[PD] [hid] users poll
hans at eds.org
Fri Jun 17 18:03:01 CEST 2005
On Jun 16, 2005, at 7:18 PM, Mathieu Bouchard wrote:
> On Wed, 15 Jun 2005, Hans-Christoph Steiner wrote:
>> On Jun 15, 2005, at 1:23 PM, Mathieu Bouchard wrote:
>>> I think that as long as integers still can be used, there is no
>>> problem with supporting symbols. I mean I've seen cases where the
>>> enforcing of symbols means having to use [sprintf] all over the
>>> place in a less-than-elegant way.
>> Integers/floats are not supported in [hid] because that would defeat
>> one of the main purposes that inspired me to write it: to have a
>> clean, straightforward API.
> Woops, I had thought only about messages sent to HID (e.g.
> steppermotors controlled by HID, or forcefeedback joystick). See below
> for input messages.
>> For example, you probably won't need to use a lookup table to
>> understand [route abs_x abs_y abs_throttle] but most people would
>> need it for [route 1 3 14].
> however if I have a row of 7 distance sensors, such as what is being
> used by 13 artists at Vidéographe this month, [gate 7] or [shunt 7] is
> more straightforward than [route in1 in2 in3 in4 in5 in6 in7]. (The
> sensor box most likely wouldn't have any meaningful labels at all for
> those axes; is it possible that they wouldn't have labels at all? what
> happens in this case?)
If you are using HID, then you are talking about Human Interface
Devices, which can be broken down into buttons and axes. If you are
building your own, then I highly recommend that you map sensors which
provide continuous data to axis types and on/off sensors to button/key
types. "in4" is not a very meaningful label, HID implementations
generally use more descriptive names like "abs_x", "rel_rz". I don't
have my multI/O running yet, so I haven't tested a "Multi-Axis
Controller" with [hid] yet, that might change my perspective.
As for the [gate 7] option, you could just [route abs_x abs_y abs_z] to
[gate 3] for example. I've never heard of [shunt]
>> [sprintf] with [hid] data, but please try out strange, unorthodox
> Using the same example above, if I want to build an array using values
> from the seven sensors, so that the shape of an object (as "seen" by
> the sensors) can be visualized, is there no better means than using a
> big route and a bunch of messageboxes ? If the sensor id is an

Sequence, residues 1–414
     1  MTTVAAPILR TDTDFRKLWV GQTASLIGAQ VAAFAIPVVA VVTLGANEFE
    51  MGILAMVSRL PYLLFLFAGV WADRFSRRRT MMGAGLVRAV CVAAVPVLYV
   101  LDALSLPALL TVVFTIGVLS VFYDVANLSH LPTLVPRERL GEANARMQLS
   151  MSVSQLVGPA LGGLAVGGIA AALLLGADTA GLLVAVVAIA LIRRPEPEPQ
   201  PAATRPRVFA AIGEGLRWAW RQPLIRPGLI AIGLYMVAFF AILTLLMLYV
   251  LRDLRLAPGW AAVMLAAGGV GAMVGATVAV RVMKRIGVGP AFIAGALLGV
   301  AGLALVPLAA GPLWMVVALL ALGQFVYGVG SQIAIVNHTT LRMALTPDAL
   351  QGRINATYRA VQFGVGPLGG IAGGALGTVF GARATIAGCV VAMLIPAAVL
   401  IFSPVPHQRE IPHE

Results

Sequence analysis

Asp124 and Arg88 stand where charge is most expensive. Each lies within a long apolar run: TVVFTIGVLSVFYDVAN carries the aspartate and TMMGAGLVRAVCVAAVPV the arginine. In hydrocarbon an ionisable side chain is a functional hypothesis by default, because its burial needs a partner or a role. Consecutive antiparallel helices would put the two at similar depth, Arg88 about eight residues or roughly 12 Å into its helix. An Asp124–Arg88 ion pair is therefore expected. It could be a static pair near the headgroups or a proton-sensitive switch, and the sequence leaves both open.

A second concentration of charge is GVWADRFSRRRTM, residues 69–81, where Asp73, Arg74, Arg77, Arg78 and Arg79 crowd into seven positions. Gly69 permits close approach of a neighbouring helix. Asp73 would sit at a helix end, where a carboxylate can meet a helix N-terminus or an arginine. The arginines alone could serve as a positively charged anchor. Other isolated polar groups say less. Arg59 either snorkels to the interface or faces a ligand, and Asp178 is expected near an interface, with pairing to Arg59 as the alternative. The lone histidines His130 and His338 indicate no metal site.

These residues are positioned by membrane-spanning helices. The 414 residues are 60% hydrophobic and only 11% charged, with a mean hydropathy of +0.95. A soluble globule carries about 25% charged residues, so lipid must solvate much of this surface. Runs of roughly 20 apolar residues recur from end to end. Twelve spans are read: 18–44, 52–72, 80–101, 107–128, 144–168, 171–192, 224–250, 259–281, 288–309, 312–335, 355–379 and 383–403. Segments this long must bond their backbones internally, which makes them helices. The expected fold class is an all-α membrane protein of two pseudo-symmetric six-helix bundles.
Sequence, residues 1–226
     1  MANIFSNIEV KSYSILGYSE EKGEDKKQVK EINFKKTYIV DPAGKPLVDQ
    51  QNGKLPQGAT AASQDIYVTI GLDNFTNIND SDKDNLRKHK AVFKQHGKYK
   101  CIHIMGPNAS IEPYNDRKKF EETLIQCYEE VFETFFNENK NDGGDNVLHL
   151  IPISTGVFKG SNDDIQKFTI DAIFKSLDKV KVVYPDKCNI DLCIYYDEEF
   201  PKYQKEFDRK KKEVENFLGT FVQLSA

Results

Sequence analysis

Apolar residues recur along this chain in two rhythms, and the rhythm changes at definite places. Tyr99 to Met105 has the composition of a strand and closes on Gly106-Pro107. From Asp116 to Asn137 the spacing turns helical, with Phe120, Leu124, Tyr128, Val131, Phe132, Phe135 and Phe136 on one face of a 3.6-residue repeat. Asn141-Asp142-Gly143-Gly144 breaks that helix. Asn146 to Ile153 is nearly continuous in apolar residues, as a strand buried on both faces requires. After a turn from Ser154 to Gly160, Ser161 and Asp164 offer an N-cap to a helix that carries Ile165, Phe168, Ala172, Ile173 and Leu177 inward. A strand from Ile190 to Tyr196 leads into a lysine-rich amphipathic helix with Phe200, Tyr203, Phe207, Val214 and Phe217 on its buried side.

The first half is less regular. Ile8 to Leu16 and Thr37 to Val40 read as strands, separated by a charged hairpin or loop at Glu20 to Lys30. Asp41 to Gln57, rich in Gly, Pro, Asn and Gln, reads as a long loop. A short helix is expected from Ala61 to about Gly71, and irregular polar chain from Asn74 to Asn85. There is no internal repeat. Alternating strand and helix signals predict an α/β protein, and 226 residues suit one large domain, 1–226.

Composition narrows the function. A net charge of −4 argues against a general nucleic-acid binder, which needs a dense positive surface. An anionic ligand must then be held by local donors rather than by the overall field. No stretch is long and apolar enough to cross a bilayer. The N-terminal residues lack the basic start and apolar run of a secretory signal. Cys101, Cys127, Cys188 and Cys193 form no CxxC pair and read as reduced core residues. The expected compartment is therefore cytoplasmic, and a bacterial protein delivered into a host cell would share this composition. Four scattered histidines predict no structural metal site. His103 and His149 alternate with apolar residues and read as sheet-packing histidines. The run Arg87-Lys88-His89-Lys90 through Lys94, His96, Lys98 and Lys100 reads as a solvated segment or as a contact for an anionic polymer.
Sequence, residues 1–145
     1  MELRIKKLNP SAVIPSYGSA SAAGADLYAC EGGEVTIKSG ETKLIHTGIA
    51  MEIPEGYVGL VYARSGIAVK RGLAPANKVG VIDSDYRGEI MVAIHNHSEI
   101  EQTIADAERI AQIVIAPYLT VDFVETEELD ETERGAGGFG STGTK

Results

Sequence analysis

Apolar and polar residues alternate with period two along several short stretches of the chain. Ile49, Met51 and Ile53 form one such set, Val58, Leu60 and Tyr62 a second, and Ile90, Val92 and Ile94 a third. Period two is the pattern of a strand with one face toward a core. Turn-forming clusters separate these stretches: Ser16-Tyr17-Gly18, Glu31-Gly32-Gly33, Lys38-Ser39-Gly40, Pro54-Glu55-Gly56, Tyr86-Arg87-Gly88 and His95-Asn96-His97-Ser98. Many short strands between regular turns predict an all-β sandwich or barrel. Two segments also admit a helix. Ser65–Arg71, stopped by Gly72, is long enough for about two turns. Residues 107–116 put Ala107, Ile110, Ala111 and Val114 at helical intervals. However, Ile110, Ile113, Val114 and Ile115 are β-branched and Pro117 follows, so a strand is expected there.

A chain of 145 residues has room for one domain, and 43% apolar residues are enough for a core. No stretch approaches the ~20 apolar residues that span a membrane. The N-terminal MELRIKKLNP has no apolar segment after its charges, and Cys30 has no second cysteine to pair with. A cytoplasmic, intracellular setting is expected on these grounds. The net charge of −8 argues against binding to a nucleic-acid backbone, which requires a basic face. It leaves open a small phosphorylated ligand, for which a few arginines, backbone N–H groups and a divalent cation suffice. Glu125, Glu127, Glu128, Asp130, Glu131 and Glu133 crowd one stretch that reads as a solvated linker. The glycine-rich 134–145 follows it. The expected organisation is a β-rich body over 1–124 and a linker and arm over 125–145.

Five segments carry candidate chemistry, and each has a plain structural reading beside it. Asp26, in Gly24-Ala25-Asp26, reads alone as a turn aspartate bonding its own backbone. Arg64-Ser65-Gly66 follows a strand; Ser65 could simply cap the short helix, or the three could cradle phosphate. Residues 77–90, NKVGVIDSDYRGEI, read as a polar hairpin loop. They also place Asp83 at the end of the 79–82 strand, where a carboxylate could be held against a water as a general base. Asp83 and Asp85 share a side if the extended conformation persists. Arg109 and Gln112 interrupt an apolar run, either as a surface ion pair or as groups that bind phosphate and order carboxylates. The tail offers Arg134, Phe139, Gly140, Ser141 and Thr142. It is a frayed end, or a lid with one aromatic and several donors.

> integer, then I can just use one single object: [tabwrite myarray].
> (or [s myarray])
> If I have really a lot of sensors, I could instead use [for 0 64 1] ->
> [sprintf in%d] -> [listfind], or I could use [atof] (that I posted a
> few days ago).
This is really not HID stuff. The vast majority of HIDs have 4 or less
axes and 8 or less buttons. So other methods would be more efficient
for large arrays of sensors. I never claimed this would work great for
all situations, but it will still work for the above situation. What
is [listfind] and [atof] anyway?
Sounds to me that you like you work in your own specific ways:
[listfind], [atof], [shunt] for example. I am gearing [hid] to normal
Pd use. You can do everything that you need to using Miller's Pd and
the [hid] object. The rest of the [hid] toolkit objects are written in
Pd (i.e. abstractions).
>>> Actually comparing symbols is much faster than comparing floats, if
>>> you run Pd on a 386 or on a PDA.
>> That good to know. I was thinking strcmp() versus ==.
> Sorry, actually a float == can be optimised back to the same as int
> ==. It depends on whether the compiler knows about it (or else you are
> running a FPU emulator and it's certainly much slower)
>> So comparing symbols in Pd is basically a == operation using the
>> pointer integers, right?
>> If you ever feel like checking out my [hid] code, matju, I'd love
>> advice on optimization. Since it can run up to once every 1ms,
>> optimization is key.
> depends on how many 386's with USB you use =)
> how common is USB on PDA's ?
Not uncommon. The Sharp Zaurus series, for example, can act as a USB
host. I am probably going to get one, so maybe I'll be using [hid]
with it then...
"Computer science is no more related to the computer than astronomy is
related to the telescope."
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